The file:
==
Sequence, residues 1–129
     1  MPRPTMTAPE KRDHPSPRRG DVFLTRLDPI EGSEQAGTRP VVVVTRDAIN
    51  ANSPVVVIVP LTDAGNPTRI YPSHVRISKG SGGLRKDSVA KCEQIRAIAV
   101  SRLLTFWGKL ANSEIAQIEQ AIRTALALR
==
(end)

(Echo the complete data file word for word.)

Sequence, residues 1–129
     1  MPRPTMTAPE KRDHPSPRRG DVFLTRLDPI EGSEQAGTRP VVVVTRDAIN
    51  ANSPVVVIVP LTDAGNPTRI YPSHVRISKG SGGLRKDSVA KCEQIRAIAV
   101  SRLLTFWGKL ANSEIAQIEQ AIRTALALR